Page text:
10 Things We'd Like to See in the St. Louis Food Scene in 2016

10 Things We'd Like to See in the St. Louis Food Scene in 2016
Photo Courtesy of Flickr/Banditob

By most accounts, 2015 was a banner year for the St. Louis food scene — but we think 2016 might be even better.

Here are ten things we'd like to see in St. Louis in the coming year.

10. An Asian teahouse. It's no surprise most teahouses focus on the black teas of our British heritage. Somewhere along the way, antiques also became inextricably linked to American teahouse culture. How about a spot focusing on Chinese and/or Japanese green teas in a setting that doesn't look like grandma's estate sale?

9. More great chefs moving to St. Louis. We're so excited to see what Michael and Tara Gallina do in St. Louis that we're already itching for more great chefs to move to the Lou.

8. An increase in cross-segment collaborations. Restaurants working with distillers. Bakeries working with brewers. Chefs from different backgrounds collaborating for a menu or meal. We can't get enough of it.

7. A Bailey's Range for shawarma. We want someone to do for the classic Middle Eastern shawarma/juice stand what Dave Bailey did for the classic American burger and shake joint. St. Louis needs an updated, localized, whimsical shawarma stand. Yes, we want a Shawarma Slinger with chicken, a runny egg, hash browns and chili hummus all wrapped in fried dough. Forget orange juice. How about a cardamom cocktail?

6. A truly hole-in-the-wall Indian restaurant. Sure we have a few fancy Indian places, and then a smattering of smaller to-go places offering authentic Indian cuisine, but what we're looking for isn't quite either of these things.

We want to be transported to a crowded side street in Mumbai. Menus and silverware are banned. Diners choose between the two or three offerings of the day, select rice or naan and eat with their fingers. A clanging ceiling fan is the only decor we are looking for.

5. A food trailer park. St. Louis has plenty of empty lots. Why don't we place covered community picnic tables in the middle of one of them with eight to ten permanently parked food trailers?

Which brings us to No. 4 ....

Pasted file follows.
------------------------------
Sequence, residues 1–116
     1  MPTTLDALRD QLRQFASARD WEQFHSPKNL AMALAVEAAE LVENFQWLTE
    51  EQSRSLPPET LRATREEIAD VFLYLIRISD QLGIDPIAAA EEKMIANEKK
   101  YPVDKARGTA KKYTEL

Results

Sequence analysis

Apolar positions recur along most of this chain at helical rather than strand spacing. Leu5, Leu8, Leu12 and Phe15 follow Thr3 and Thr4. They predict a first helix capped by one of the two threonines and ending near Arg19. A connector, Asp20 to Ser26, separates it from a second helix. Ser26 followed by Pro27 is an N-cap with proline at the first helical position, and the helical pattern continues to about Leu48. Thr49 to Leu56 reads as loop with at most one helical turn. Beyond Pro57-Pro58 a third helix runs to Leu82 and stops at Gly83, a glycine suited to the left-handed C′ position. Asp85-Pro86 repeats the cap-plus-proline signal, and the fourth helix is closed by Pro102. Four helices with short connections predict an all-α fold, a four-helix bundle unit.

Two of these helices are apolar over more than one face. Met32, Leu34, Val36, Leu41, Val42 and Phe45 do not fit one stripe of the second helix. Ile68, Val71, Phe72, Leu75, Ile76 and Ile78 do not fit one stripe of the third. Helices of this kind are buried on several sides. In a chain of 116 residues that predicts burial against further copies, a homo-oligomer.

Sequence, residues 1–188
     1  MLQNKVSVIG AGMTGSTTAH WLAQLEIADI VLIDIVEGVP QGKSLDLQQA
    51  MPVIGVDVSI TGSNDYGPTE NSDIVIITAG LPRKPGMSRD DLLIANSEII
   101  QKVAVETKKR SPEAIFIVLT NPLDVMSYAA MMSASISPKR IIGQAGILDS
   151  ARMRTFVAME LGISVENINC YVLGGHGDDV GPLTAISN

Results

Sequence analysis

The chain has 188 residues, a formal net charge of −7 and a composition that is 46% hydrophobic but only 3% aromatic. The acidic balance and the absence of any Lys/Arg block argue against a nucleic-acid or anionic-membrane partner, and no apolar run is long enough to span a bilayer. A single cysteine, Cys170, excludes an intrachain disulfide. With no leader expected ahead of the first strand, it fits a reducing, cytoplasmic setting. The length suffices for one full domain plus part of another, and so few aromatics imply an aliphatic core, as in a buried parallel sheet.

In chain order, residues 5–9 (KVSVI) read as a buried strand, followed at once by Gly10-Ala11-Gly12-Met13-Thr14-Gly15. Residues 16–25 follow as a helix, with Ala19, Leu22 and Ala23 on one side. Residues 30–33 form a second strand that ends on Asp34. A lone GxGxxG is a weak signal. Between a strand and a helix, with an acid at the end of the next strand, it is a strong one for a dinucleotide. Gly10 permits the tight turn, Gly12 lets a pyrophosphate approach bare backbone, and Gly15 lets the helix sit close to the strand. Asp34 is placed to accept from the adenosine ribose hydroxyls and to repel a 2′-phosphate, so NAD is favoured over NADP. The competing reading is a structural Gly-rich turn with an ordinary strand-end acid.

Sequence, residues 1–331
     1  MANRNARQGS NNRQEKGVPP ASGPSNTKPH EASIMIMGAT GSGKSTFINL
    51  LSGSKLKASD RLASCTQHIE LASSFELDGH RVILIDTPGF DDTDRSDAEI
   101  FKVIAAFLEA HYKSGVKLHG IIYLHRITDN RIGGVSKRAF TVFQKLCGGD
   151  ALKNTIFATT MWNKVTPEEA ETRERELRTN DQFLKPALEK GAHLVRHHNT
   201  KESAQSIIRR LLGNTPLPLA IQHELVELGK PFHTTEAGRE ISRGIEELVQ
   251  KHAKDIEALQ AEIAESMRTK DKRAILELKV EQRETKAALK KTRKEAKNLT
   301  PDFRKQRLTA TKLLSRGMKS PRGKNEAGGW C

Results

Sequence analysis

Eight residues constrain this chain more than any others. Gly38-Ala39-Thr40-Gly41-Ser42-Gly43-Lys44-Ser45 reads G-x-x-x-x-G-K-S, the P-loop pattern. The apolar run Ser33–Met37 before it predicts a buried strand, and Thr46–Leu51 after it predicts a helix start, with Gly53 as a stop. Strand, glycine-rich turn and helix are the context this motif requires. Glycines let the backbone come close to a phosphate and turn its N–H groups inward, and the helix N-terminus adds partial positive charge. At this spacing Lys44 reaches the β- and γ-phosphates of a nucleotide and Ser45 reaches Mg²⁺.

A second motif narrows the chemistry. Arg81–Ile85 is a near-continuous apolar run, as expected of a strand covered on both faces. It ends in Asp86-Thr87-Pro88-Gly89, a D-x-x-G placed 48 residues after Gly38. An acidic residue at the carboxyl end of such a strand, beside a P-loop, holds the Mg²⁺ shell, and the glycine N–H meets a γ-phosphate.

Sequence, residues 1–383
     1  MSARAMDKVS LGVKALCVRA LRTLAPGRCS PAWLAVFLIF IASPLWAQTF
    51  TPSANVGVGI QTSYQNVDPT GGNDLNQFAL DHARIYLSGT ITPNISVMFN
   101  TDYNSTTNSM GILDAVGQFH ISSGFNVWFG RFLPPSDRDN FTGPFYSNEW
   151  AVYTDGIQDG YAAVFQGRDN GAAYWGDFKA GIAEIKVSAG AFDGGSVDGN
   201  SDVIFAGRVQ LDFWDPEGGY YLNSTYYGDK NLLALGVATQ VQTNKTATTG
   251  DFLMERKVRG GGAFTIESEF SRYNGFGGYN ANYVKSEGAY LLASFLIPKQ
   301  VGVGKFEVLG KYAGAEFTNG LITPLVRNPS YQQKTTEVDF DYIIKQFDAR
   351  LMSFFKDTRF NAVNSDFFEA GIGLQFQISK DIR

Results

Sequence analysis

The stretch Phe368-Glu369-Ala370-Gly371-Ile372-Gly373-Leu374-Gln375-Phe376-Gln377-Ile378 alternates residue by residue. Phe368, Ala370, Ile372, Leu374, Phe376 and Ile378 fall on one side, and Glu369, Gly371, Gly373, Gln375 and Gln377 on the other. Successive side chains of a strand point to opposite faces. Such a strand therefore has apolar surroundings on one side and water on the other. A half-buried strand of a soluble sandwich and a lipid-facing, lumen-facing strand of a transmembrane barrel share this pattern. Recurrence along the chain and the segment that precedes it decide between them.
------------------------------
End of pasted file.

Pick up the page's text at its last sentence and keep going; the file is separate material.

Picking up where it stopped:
4. A removal of hoops, barriers and paperwork for entrepreneurs. Woven throughout many of the great restaurant stories of 2015 were difficulties related to licensing, permits, inspections and zoning, which led to fees, delays and barriers to entry. St. Louis should be more welcoming to restaurateurs who want to start or expand businesses.

3. More focused ethnic foods. Instead of another Mexican restaurant, how about a restaurant focused on, say, the regional specialties of Michoacan — carnitas, tamales and stews? We would gladly exchange a dozen of the greasy, faux-Chinese chop suey houses for the soups and seafood of Shandong province or the fiery plates of Sichuan.

2. A no-holds-barred molecular gastronomy restaurant. We see molecular gastronomy techniques and dishes here and there across the St. Louis food scene, but how great would it be to see someone fully commit to molecular gastronomy and take it to the extreme? We think the food scene is ready to support it. Is there an ambitious young talent working the line at Alinea in Chicago or Atelier Crenn in San Francisco? You could be the talk of St. Louis...

.... and our No. 1 wish for the food scene in 2016:

1. An even greater focus on local products. Whether you come at it from a nutritional, political, economic or simple taste perspective, local, small-farm, grass-fed beef is far superior to pink slime.
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